In response to Fandango’s Who Won the Week post, I have been looking at my own newsfeeds.
I have a win-fest this week. Without a shadow of a doubt, my winners are:
- Simon Bramwell
- Ian Bray
- Jane Augsburger
- Senan Clifford
- David Lambert
- James “Sid” Saunders
To understand why, we must revisit 15 April 2019. On that day, there was an Extinction Rebellion protest in London. Shell’s headquarters was targeted, quite simply because the protesters believed that Shell is a major contributor to global warming.
Various damage was done, but it was small-scale. Windows were broken, graffiti was sprayed. Small fry. Shell claimed that the bill to clear up the damage came to £25k, which is very approximately the same in USD or EUR.
My six winners were the culprits. Their case came up last week.
However, despite admitting the damage, my winners pleaded Not Guilty. Their defence? That what they did had been a necessary and proportionate response to Shell’s polluting activities.
That’s not a legal defence, said the judge, and instructed the jury to find the six Guilty.
The jury, however, bought the six’s reasons and acquitted. Okay, you’re going to have to prove that you believed your actions were appropriate, but you’re not automatically guilty. And, the beauty of English law is that this case will serve as a template for other, similar cases.
For me, this was my winning story, there and then. That we are no longer automatically guilty if we harm companies as they harm us.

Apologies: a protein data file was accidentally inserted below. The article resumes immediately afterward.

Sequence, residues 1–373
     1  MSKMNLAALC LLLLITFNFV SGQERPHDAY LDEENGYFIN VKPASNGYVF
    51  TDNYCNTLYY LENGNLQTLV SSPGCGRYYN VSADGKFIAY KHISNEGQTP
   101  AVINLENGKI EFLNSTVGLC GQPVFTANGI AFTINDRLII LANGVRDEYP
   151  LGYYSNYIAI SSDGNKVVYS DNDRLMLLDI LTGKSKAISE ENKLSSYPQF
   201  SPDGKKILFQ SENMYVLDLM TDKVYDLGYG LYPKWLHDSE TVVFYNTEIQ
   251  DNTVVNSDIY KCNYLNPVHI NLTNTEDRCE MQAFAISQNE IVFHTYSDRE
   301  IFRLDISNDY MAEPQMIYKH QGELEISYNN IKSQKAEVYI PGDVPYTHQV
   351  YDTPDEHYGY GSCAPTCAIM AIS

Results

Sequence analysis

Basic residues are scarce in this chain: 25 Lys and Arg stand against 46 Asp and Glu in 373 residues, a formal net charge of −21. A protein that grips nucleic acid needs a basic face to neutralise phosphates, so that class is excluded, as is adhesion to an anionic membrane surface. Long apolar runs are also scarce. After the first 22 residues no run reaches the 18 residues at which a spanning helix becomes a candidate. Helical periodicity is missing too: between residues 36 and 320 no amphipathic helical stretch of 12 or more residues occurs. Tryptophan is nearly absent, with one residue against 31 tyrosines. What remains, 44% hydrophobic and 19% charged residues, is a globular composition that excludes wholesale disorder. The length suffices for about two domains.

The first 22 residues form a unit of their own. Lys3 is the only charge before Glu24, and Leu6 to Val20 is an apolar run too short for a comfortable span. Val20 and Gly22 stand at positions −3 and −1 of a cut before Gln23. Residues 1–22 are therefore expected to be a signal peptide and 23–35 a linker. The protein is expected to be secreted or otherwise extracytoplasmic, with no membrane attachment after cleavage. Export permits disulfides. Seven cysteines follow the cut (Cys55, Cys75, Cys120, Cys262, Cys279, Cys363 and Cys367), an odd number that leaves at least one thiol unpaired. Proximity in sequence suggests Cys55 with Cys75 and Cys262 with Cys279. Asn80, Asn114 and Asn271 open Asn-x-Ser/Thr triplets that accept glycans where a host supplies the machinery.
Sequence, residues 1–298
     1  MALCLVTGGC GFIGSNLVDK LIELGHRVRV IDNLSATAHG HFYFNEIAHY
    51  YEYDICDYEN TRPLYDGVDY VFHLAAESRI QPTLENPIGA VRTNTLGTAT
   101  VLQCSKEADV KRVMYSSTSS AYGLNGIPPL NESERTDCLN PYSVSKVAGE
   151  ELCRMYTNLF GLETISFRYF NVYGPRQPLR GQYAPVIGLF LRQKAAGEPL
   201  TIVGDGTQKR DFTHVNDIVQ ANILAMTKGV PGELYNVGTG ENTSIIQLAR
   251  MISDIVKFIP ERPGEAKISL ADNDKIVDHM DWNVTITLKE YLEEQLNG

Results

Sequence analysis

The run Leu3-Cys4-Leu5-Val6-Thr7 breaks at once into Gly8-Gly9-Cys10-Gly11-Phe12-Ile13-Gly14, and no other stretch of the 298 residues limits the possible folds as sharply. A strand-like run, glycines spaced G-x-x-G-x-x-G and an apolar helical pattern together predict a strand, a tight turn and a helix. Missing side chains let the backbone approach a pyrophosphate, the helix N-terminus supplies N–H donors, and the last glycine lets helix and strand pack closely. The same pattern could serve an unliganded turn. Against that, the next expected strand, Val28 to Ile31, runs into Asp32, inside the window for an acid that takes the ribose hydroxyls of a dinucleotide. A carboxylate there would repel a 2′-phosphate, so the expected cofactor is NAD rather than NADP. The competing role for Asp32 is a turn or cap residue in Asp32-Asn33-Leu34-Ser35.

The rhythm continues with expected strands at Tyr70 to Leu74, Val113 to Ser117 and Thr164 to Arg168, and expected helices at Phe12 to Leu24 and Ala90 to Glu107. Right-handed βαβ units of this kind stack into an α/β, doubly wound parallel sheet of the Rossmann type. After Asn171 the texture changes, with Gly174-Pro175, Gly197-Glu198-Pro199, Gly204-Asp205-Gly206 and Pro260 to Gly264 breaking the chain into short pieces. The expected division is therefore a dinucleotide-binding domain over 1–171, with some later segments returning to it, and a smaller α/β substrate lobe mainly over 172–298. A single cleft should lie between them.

But I wanted to take this story one step further. The ages of my winners.
- Simon Bramwell is 49
- Ian Bray is 53
- Jane Augsburger is 55
- Senan Clifford is 60
- David Lambert is 62
- Sid Saunders is 41
None of these people is Greta Thunberg. None of these people is a fresh-faced teenager arguing that companies like Shell are stealing their future. This is a bunch of mature people who are saying “We have watched this cycle for decades. Have seen the indignance, the protests, the public’s appetite for change and the subsequent inaction by both companies and governments. And we have had enough.”. That is exactly how I feel – I’m not prepared to pussy-foot this.
I think long and hard about the validity of ER’s actions, how they directly affect people who might not themselves be contributing directly to climate change. But who, in many cases, are contributing indirectly. Shell made a profit of $16.5 bn in 2019, and that money must have come from somewhere.
We’re very good a dealing with protest here – protest as much as you like, as long as it doesn’t actually affect anyone. The whole point of protest is that it does affect people. To make them realise something. In this case, I can justify ER’s actions as proportional, every time.
I’m not sure how much there is left to win any more – I’m very pessimistic about climate change – but my generation (I’m 53) certainly has nothing left to lose.